smaller projection called the lesser condyle, which articulate with the tibia
at the stifle joint. The patella runs between these condyles in the trochlea
• The patella is a sesamoid bone found within the tendon of insertion of the
quadriceps femoris muscle, which is the main extensor of the stifle. Two
more sesamoid bones, called the fabellae are found behind the stifle in the
origin or the gastrocneius muscle. They articulate with the condyles of the
Tibia and Fibula – these long bones form the lower led. The tibia and fibula lie
parallel to each other, the more medial bone, the tibia, being the much larger of the
two. The tibia is expanded proximally where it articulates with the femur. On the
dorsal surface there is a prominence called the tibial crest for attachment of the
quadriceps femoris muscle. Distally, the tibia has a prominent protrusion, the
medial maleolus, which can be palpated on the medial aspect of the hock. The
fibula is a thin long bone lying laterally to the tibia. It ends in a bony point called
the lateral malleolus.
Tarsus – this is formed from seven short bones, the tarsel bones, arranged in three
rows. The two bones forming the proximal row, the talus and calcanus, articulate
with the distal end of the tibia and fibula at the hock joint. The talus, or tibial tarsal
bone, is the most medial and has a proximal trochlea, which is shaped to fit the end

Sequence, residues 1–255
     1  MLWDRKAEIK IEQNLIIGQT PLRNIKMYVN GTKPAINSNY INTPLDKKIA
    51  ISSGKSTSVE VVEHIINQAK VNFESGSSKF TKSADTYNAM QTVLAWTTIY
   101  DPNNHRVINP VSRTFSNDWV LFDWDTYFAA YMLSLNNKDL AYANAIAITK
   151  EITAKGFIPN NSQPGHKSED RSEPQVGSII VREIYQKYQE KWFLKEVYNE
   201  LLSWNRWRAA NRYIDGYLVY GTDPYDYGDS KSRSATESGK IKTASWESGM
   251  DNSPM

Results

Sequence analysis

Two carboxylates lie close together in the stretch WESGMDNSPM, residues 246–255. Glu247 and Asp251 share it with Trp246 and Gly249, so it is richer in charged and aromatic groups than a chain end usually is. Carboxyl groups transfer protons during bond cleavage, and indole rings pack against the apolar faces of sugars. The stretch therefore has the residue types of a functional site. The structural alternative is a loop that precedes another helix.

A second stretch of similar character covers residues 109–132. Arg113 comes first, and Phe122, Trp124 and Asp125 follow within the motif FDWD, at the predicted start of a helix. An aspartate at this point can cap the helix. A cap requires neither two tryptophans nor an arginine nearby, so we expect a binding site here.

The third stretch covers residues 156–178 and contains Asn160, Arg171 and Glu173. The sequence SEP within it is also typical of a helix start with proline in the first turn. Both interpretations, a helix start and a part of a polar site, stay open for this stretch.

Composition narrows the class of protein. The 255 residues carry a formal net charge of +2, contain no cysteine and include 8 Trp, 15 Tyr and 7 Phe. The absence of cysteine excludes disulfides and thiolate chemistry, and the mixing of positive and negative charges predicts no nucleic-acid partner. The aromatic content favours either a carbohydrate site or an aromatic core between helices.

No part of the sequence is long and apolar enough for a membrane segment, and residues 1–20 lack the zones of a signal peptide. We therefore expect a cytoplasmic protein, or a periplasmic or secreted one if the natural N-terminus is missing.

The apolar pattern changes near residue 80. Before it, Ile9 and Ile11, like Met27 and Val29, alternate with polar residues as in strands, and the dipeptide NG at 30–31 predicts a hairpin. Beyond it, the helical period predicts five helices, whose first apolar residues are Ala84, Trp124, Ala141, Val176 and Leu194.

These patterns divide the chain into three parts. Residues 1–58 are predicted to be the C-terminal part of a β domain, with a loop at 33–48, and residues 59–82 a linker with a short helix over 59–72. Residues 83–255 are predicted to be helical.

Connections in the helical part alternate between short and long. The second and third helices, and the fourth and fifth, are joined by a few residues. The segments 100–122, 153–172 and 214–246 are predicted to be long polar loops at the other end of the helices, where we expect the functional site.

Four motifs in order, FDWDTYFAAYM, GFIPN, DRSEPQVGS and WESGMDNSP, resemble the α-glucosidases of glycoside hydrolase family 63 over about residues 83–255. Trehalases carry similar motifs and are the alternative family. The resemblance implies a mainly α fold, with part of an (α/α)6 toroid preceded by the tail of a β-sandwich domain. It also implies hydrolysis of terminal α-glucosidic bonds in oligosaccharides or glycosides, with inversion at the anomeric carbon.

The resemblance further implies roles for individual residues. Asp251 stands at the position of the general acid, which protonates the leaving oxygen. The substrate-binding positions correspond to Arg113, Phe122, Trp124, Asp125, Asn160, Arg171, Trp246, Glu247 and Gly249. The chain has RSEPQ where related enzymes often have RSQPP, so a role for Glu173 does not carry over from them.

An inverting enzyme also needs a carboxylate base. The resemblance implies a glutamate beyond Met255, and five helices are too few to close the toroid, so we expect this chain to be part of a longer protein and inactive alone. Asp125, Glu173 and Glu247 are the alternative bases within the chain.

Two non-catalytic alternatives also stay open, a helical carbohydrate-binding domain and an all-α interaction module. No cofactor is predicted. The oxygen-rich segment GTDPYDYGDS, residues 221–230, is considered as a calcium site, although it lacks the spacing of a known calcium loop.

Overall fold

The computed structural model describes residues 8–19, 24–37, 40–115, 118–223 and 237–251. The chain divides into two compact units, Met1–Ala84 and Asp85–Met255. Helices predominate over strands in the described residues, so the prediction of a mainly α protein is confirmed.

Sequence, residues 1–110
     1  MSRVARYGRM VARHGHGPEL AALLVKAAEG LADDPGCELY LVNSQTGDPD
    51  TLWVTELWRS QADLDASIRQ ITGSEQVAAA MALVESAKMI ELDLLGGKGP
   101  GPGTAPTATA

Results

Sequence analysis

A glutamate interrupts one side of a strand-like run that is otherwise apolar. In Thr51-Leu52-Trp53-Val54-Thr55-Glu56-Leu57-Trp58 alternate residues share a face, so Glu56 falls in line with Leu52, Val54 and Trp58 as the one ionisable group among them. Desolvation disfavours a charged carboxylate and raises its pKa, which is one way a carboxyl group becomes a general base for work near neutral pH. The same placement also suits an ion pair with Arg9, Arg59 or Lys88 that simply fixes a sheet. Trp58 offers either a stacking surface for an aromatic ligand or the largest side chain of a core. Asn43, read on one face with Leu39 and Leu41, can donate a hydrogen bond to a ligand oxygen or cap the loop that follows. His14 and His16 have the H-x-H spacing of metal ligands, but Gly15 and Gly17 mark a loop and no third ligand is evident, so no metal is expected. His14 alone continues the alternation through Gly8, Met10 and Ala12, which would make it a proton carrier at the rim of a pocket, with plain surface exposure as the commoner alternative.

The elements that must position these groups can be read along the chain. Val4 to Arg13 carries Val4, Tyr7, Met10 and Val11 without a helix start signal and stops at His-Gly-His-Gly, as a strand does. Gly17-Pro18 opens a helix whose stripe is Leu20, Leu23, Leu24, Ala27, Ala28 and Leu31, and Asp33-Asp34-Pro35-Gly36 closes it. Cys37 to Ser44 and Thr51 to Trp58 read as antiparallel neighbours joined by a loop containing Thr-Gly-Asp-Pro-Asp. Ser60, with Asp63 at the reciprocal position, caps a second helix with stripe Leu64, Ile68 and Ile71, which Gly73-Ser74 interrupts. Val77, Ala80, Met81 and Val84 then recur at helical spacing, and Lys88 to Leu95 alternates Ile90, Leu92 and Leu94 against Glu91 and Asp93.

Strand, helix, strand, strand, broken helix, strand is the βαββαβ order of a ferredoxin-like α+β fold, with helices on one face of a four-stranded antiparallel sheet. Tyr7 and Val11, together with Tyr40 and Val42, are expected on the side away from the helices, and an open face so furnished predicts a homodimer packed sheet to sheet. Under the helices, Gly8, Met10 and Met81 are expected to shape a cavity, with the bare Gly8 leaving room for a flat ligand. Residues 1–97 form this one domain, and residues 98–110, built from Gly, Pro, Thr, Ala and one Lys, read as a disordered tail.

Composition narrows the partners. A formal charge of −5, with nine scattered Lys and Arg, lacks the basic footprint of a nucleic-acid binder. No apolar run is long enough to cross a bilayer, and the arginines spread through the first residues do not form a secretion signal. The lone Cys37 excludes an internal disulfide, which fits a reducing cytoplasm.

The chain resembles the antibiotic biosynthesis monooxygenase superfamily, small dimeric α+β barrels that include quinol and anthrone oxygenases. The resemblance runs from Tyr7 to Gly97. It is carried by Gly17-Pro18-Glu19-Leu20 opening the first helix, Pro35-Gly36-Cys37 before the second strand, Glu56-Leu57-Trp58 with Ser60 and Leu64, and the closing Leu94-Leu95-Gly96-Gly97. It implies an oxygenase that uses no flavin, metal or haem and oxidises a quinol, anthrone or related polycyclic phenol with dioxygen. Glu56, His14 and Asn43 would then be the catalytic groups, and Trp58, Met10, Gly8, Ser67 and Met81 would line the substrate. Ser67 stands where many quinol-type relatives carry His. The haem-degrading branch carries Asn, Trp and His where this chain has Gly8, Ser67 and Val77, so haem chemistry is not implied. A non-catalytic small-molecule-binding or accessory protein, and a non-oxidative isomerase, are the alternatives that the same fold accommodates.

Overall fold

of the tibia. The calcaneus, or fibular tarsal bone, is positioned laterally and has a
large caudal projection known as the tuber calcis, which forms the ‘point’ of the
In some small breeds of dogs, e.g. Yorkshire Terrier, the patella may slip out of
place, causing extreme pain and difficulty in extending the stifle join. This is an
inherited condition and is due to mal positioning of the tibial crest or too shallow a
trochlear groove on the distal end of the femur.
• Metatarsus and Digits - these closely
resemble the pattern of the metacarpus and
digits in the forepaw. The metatarsus is
composed of four metatarsal bones, although
some breeds possess five, having a small
metatarsal I or hind dew claw.
The Splanchnic Skeleton
• This is composed of the splanchnic bones.
• A splanchnic bone is a bone that develops in soft tissue and
is unattached to the rest of the skeleton.
• The only example of a splanchnic bone in the dog and cat is
the bone of the penis, the os penis.
• The urethrea lies in the urethral groove, on the ventral
surface of the os penis in the dog.
• In the cat the urethral groove is on the dorsal surface of the
os penis, because of the different orientation of the penis.
• The cow has a splanchnic bone in its heart, called the os
cordis, while birds has splanchnic bones forming a rim
around the eye to provide strength to the large eyeball.
The Splanchnic Skeleton:
Joints: Fibrous Joints
• Fibrous joints are immovable joints and the bones
forming them are united by dense fibrous
connective tissue, e.g. in the skull fibrous joints
unite the majority of the component bones and are
called sutures.
• The teeth are attached to the bony sockets in the
jaw bone by fibrous joints.
• Fibrous joints are also classed as synarthroses, i.e.
a type of joint that permits little or no movement.
• Some cartilaginous joints also fall into this
The Splanchnic Skeleton:
Joints: Cartilaginous joints
• Cartilaginous joints allow limited movement or
no movement at all and are united by cartilage,
e.g. the pubic symphysis connecting the two hip
bones and the mandibular symphysis joining the
two halves of the mandible.
• Both these joints are also classed as synarthroses.
• Some cartilaginous joint may also be classed as